Anti-war activist's works banned at prison camps
The Miami Herald, October 11, 2009
Professor Noam Chomsky may be among America's most enduring anti-war activists. But the leftist intellectual's anthology of post 9/11 commentary is taboo at Guantánamo's prison camp library, which offers books and videos on Harry Potter, World Cup soccer and Islam.
U.S. military censors recently rejected a Pentagon lawyer's donation of an Arabic-language copy of the political activist and linguistic professor's 2007 anthology Interventions for the library, which has more than 16,000 items.
Chomsky, 80, who has been voicing disgust with U.S. foreign policy since the Vietnam War, reacted with irritation and derision. "This happens sometimes in totalitarian regimes,'' he told The Miami Herald by e-mail after learning of the decision.
"Of some incidental interest, perhaps, is the nature of the book they banned. It consists of op-eds written for The New York Times syndicate and distributed by them. The subversive rot must run very deep.''
Prison camp officials would not say specifically why the book was rejected but Navy Lt. Cmdr. Brook DeWalt, a Guantánamo spokesman, said staff reviews "every proposed or recommended library item to assess force protection issues associated with camp dynamics -- such as impact on good order and discipline.''
The banned book showed the bespectacled professor-emeritus at the Massachusetts Institute of Technology in button-down shirt and sweater staring out of a black cover of a 2007 edition printed by a Beirut publishing house.
A rejection slip accompanying the Chomsky book did not explain the reason but listed categories of restricted literature to include those espousing "Anti-American, Anti-Semitic, Anti-Western'' ideology, literature on "military topics,'' and works that portray ``excessive graphic violence'' and "sexual dysfunctions.''
The list of approved material includes poetry, fiction, art, math, history, religion, politics and current events.
A Pentagon defense lawyer sent the book to Ali Hamza al Bahlul, a confessed al Qaeda member who had worked as Osama bin Laden's media secretary in Afghanistan at the time of the Sept. 11, 2001 attacks.
A military jury convicted Bahlul, 40, of soliciting murder and conspiracy and sentenced him to life in prison in November for creating al Qaeda propaganda. The key evidence was a two-hour video he made by splicing fiery bin Laden speeches with Muslim bloodshed and stock news footage of the aftermath of the October 2000 suicide bombing of the USS Cole off Aden, Yemen.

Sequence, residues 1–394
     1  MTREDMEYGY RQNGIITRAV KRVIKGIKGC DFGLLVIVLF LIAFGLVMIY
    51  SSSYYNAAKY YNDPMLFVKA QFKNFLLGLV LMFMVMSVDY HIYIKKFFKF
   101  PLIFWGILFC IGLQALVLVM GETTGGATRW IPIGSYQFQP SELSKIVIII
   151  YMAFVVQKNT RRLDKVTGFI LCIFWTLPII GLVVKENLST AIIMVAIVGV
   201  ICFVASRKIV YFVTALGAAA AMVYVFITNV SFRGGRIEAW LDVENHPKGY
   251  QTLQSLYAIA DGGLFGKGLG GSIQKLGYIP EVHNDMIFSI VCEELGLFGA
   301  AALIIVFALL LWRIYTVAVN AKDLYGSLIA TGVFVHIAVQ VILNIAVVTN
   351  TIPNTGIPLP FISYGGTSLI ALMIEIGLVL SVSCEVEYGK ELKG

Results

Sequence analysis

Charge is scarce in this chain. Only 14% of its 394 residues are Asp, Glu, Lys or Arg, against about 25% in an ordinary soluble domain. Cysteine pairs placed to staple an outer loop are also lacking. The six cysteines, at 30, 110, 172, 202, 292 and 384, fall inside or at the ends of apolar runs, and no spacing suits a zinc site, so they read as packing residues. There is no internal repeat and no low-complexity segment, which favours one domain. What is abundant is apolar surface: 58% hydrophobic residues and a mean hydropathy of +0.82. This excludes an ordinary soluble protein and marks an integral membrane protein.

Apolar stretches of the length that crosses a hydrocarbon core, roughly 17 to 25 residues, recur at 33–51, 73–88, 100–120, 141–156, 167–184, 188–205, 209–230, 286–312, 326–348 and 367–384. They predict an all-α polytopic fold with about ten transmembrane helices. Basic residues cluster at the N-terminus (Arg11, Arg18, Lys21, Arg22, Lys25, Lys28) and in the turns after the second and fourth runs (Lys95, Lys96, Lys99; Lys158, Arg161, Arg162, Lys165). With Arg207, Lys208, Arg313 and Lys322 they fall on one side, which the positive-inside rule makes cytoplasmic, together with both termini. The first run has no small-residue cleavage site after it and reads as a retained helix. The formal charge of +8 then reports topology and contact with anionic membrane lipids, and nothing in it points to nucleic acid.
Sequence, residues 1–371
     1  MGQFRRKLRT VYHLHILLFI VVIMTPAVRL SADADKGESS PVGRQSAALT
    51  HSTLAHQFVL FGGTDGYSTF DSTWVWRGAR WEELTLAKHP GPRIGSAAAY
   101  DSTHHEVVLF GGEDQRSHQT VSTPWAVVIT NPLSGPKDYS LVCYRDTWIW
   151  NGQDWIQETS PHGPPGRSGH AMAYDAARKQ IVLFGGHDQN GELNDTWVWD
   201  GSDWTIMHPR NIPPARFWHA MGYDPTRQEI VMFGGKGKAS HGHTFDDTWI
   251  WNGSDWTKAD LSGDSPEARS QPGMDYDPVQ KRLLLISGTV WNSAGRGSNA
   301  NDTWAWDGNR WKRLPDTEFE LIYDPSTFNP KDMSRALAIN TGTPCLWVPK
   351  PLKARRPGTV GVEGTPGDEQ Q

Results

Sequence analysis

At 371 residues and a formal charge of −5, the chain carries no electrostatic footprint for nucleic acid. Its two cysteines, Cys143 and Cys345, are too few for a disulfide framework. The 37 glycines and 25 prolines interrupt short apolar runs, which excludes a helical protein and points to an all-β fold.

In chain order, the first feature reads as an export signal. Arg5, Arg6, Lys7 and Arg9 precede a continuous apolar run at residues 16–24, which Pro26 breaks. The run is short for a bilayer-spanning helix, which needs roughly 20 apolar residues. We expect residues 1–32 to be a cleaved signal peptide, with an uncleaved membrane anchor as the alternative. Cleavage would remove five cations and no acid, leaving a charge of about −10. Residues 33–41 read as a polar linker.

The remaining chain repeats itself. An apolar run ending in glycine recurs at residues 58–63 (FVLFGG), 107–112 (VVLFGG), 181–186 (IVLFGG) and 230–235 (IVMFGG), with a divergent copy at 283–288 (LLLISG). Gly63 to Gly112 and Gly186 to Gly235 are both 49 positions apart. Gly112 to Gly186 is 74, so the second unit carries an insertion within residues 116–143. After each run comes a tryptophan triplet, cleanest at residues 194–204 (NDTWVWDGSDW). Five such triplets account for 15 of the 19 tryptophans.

Bahlul is currently the lone war crimes convict at Guantánamo, where the prison camps commander ordered him separated from the other 245 war-on-terror captives at the U.S. base in Cuba under an interpretation of the Geneva Conventions that forbids holding detainees with convicted prisoners. Two earlier convicts were sent back to their native countries, Australia and Yemen, and are now free after serving short sentences.
Prison camp staff would not say how many donated books have been refused.
But DeWalt said detainees are forbidden from receiving gifts of books as personal property. Instead, he said, books sent to the captives are evaluated for their suitability for the library -- a trailer where Defense Department staff have catalogued a collection that recently ballooned to more than 16,000 books, magazines and videos even as the Pentagon is downsizing the prison camp population.
President Barack Obama has ordered the prison camps closed by early next year, a deadline the White House now says it may miss.
Meantime, staff there say quality-of-life improvements will continue until the last detainee is gone.
The library is also a featured stop on weekly tours for reporters, members of Congress and other invited guests brought to the sprawling prison camp compound in a Pentagon bid to demonstrate that the much-maligned detention center is "safe, humane and transparent.''
Library staff have since 2005 described the Harry Potter series as a borrowing bestseller among the mostly devout Muslim population -- and shown off translated versions in the stacks that separate Arabic from Urdu, French from Farsi and cover more than a dozen languages.
Other reportedly popular items include old World Cup soccer playoff videos, a French cuisine cookbook published in Beirut and scholarship on the Koran, prescreened to make sure they contain mainstream messages.
For a time, Richard Nixon's Victory Without War flew off the shelves, a librarian reported. So much so that alleged 9/11 mastermind Khalid Sheik Mohammed referred to it during a war court hearing earlier this year.
But not Chomsky, who in recent years got high-profile plugs from two of America's most ardent adversaries.
In September 2006, Venezuelan President Hugo Chávez held up Chomsky's 2003 Hegemony or Survival: America's Quest for Global Dominance in a speech at the United Nations that also likened President George W. Bush to Satan, and gave the book a bump in sales for several weeks.
A year later, bin Laden popped up in a keep-the-faith video address to his followers that proved he was alive and ridiculed the U.S. invasion of Iraq while praising the professor's "sober words of advice prior to the war.''
DeWalt said "force protection reasons'' barred him from explaining why any title or author was banned but said as of this week there were no Chomsky works of any type at the Guantánamo library in any language.